Invertebrates In Vitro

Written by Paolo Viscardi, Curator of Zoology, National Museum of Ireland – Natural History

I’m not sure why, but people really seem to love Blaschka models.

Beccaria tricolor [sic] Nr.373 in Blaschka catalogue. Specimen NMINH:1886.810.1 at the National Museum of Ireland.

Beccaria tricolor [sic], Nr.373 in Blaschka catalogue. Specimen NMINH:1886.810.1 at the National Museum of Ireland. Image by Paolo Viscardi, 2018

They are the subject of a surprisingly large number of enquiries at the National Museum of Ireland — Natural History (AKA the Dead Zoo), where I look after the zoology collections.

If you’ve not heard of the Blaschkas, they were a father and son company of lampworkers based in Dresden, who supplied museums and universities around the world with glass models for teaching and display. Between 1864 and 1890 they made mail-order models of invertebrates (alongside glass eyes and medical equipment), then from 1890 until 1936 they worked exclusively for Harvard University on the Ware collection of glass flowers.


Bouquet of Blaschka glass flowers made in 1889, gifted to Elizabeth C. and Mary L. Ware. Now part of the Harvard Glass Flowers exhibit. Image by Bard Cadarn, 2018.

At the Dead Zoo we have a particularly large and comprehensive collection of the invertebrates, with around 590 models acquired in lots between 1874 and 1888. I say ‘around’, because many of the models are made up of multiple parts, with different developmental stages, enlargements and details that are classed as elements of the same model.


Three larval stages in the development of Asteracanthion pallidus [sic] from a model containing ten parts. Nr.659 in Blaschka catalogue. Specimen NMINH:1886.684.1 at the National Museum of Ireland. Image by Paolo Viscardi, 2018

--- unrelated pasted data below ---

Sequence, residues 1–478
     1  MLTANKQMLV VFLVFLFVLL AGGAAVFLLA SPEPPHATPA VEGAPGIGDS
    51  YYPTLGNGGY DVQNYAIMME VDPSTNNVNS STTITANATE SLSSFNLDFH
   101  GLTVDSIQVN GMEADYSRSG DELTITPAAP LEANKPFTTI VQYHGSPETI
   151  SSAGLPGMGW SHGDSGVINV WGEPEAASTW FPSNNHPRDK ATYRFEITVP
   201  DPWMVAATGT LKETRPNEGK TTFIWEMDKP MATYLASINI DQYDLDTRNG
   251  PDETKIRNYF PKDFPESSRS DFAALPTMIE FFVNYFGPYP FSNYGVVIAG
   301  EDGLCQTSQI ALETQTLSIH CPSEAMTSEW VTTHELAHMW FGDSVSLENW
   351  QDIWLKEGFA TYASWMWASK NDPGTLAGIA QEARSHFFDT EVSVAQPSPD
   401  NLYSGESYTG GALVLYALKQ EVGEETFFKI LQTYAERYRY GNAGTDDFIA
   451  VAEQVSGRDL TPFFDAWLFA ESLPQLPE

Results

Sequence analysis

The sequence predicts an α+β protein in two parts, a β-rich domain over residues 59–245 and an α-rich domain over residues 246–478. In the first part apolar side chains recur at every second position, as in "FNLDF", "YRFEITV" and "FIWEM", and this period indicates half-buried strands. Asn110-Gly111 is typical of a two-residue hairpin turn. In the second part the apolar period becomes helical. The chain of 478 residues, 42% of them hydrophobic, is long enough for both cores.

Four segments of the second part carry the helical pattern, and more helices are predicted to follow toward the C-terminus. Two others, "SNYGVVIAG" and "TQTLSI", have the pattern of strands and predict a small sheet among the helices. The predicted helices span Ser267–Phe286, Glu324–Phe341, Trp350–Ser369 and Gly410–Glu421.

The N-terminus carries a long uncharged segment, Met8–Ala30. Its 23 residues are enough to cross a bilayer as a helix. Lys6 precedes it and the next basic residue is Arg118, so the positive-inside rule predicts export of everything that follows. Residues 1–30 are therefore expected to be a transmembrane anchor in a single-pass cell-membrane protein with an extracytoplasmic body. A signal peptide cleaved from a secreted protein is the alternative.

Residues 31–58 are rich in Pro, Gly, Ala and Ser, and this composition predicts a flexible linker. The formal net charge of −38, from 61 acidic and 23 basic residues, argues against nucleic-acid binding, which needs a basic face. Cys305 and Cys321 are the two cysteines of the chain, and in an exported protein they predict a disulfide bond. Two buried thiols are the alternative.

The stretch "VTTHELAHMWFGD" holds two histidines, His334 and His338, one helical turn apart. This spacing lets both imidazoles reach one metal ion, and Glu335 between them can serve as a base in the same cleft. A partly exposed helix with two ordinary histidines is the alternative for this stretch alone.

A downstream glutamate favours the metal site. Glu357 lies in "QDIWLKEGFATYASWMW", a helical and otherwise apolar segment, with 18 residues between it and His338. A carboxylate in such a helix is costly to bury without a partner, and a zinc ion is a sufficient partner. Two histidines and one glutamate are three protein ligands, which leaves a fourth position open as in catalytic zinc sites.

This poses a bit of a documentation nightmare, as parts of a developmental series have become separated, requiring a good knowledge of the biology represented to allow parts to be reunited and their numbers reconciled. This is made more complicated again by historic loans of specimens to other institutions and changes in the acquisition and registration processes over time.

Data management aside, our extensive collection acquired over a number of years offers an exciting opportunity to track the development of the Blaschka’s skill and techniques, especially when compared with even older collections in other institutions. Some key factors in the evolution of the design appear to be when Leopold (the father) took on Rudolf (his son) in the workshop full time in 1876 and then when the two of them joined Isis (not that Isis – the Dresden Natural Sciences Society).

A large part of the importance of membership of Isis was access to scientific publications with good quality colour illustrations. The earliest Blaschka models (1864-1876) were pretty basic – many were based on illustrations from a children’s encyclopedia, while others were based on depictions on anemones by Philip Henry Gosse, which were pretty, but not particularly detailed (they also suffered from terrible taxonomy).


The models started off very small and brooch-like, using expensive coloured glass, but a period of experimentation with new methods of colouring the models with wax and paints swiftly followed. Presumably this was to help keep costs down as the size of the models increased. Unfortunately, the inclusion of wax turned out to be a bad idea for the structural integrity of the models, so many with a wax infill have broken over time.